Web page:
None of that hinted at the route he would take after graduation — trying out for the U.S. bobsled team.

"I figured it would be a graduation gift for myself to kind of do something that's outside the box, outside my comfort zone," said Cunningham, 32. "Just try something none of my friends could ever say that they tried out for. And so I went and tried out. And 18 months later, I went to my first Olympics."

It’s a standard practice in the confectionary industry: under-filling, or leaving empty space in, candy boxes.

And now a judge has ruled that a Columbia, Missouri, man’s claim that he was defrauded by the practice is just as empty.

On Friday, U.S. District Judge Nanette Laughrey tossed Robert Bratton’s class-action lawsuit, saying Bratton knew the boxes of Reese’s Pieces and Whoppers he purchased had a lot of "slack-filled" space.

A question and answer panel with four Republican statewide officials was meant to showcase the party’s unprecedented consolidation of power within Missouri’s government. Instead, the Lincoln Days event pointed to a major policy division among the GOP.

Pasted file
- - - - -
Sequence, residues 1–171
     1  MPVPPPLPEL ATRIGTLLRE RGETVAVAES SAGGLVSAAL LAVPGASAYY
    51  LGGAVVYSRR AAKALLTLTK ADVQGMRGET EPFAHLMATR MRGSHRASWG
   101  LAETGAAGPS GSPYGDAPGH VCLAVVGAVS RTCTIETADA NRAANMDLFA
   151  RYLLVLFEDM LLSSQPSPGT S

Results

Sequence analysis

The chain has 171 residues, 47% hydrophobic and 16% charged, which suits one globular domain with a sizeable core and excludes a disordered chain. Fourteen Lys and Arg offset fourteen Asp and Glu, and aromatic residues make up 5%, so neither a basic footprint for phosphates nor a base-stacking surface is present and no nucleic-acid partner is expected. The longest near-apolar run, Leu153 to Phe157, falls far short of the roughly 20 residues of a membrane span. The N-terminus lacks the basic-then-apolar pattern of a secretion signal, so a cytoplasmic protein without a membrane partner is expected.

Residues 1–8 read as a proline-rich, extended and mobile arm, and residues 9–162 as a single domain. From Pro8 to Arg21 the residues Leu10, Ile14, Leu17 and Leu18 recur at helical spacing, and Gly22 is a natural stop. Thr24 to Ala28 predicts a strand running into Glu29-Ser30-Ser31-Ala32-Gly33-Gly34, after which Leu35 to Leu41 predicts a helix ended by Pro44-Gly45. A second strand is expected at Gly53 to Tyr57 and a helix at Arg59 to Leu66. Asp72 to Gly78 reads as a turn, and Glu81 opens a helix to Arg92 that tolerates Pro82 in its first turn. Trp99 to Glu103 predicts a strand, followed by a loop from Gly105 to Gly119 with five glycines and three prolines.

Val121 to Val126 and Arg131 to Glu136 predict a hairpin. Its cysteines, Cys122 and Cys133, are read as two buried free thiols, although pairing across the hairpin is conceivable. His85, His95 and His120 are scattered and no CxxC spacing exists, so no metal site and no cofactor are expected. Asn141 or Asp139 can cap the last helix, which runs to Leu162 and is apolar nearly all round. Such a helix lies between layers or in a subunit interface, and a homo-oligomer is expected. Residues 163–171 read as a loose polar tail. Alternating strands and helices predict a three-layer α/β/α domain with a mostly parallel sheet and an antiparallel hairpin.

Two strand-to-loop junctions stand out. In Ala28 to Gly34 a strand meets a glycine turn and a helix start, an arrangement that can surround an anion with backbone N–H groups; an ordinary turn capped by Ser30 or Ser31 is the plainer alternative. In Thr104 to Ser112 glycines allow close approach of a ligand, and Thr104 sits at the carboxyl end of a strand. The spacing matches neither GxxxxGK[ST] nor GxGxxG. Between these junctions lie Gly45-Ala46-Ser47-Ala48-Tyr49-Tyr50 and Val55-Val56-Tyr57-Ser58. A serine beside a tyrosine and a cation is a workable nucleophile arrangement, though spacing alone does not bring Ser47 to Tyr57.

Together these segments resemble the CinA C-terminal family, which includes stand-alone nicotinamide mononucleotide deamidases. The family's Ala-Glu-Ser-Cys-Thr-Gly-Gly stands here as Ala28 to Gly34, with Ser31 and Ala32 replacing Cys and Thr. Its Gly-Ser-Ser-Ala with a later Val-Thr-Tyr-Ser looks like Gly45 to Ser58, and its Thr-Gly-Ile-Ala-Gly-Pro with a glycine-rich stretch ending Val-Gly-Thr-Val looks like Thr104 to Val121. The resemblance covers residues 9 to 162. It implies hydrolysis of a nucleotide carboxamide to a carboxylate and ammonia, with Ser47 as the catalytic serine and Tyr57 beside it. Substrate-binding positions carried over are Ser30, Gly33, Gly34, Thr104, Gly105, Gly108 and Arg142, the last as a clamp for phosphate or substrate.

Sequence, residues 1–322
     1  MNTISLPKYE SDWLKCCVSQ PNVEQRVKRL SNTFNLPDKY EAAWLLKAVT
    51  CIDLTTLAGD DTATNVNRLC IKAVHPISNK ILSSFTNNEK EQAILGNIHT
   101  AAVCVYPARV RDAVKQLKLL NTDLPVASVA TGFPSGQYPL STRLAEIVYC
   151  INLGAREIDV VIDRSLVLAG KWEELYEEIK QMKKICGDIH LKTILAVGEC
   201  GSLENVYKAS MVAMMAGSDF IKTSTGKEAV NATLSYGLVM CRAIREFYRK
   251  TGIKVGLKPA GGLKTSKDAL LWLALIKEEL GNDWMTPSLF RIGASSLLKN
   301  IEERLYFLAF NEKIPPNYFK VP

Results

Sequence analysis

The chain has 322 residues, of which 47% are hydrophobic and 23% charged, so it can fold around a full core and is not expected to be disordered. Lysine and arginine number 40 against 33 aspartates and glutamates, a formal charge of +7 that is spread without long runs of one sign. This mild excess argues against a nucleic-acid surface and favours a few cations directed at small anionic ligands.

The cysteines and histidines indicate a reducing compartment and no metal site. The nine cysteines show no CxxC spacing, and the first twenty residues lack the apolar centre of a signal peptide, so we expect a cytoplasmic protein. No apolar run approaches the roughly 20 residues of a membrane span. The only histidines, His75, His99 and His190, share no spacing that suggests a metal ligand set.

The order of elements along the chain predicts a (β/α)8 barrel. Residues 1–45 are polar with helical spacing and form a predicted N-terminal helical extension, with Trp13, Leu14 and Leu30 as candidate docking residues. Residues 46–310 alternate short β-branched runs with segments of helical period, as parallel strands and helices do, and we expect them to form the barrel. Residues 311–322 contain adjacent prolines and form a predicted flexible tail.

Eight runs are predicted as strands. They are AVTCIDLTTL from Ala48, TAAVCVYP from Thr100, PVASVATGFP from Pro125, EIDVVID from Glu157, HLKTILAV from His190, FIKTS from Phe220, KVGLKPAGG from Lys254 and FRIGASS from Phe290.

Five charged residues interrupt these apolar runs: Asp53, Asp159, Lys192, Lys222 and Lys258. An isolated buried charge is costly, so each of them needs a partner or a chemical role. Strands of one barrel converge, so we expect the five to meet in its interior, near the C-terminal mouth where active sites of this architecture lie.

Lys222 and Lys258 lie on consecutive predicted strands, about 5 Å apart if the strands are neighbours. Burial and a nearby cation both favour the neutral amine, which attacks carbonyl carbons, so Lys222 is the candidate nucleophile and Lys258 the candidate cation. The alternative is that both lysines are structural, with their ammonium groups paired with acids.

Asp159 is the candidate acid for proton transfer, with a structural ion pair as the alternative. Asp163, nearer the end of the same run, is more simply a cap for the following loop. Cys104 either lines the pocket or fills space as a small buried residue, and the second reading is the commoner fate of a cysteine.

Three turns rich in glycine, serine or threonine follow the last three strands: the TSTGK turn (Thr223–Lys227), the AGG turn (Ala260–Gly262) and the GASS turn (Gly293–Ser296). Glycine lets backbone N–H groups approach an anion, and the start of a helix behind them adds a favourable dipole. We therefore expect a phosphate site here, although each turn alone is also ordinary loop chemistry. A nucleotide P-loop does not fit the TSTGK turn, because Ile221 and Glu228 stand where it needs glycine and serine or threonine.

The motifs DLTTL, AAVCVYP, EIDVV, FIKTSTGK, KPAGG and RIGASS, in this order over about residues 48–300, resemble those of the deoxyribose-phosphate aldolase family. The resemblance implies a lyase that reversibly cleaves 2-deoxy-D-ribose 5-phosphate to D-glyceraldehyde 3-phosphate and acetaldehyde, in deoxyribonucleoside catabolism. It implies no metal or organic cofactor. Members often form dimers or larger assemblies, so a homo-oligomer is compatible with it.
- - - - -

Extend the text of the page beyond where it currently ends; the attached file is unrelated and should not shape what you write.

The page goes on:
That’s because Gov. Eric Greitens touted how he engineered a halt to state low-income housing tax credits in late December. He called the incentive a “scam” that had been “ripping off” Missourians for years, and received a round of applause from the audience when mentioning how he “zeroed out” the program.

On the latest edition of the Politically Speaking podcast, St. Louis Public Radio’s Jason Rosenbaum and Jo Mannies are pleased to welcome Sen. Dan Hegeman to the program for the first time.

The Cosby Republican represents most of northwest Missouri in the Missouri Senate. The 12th Senatorial District has the largest geographic area of any House or Senate seat.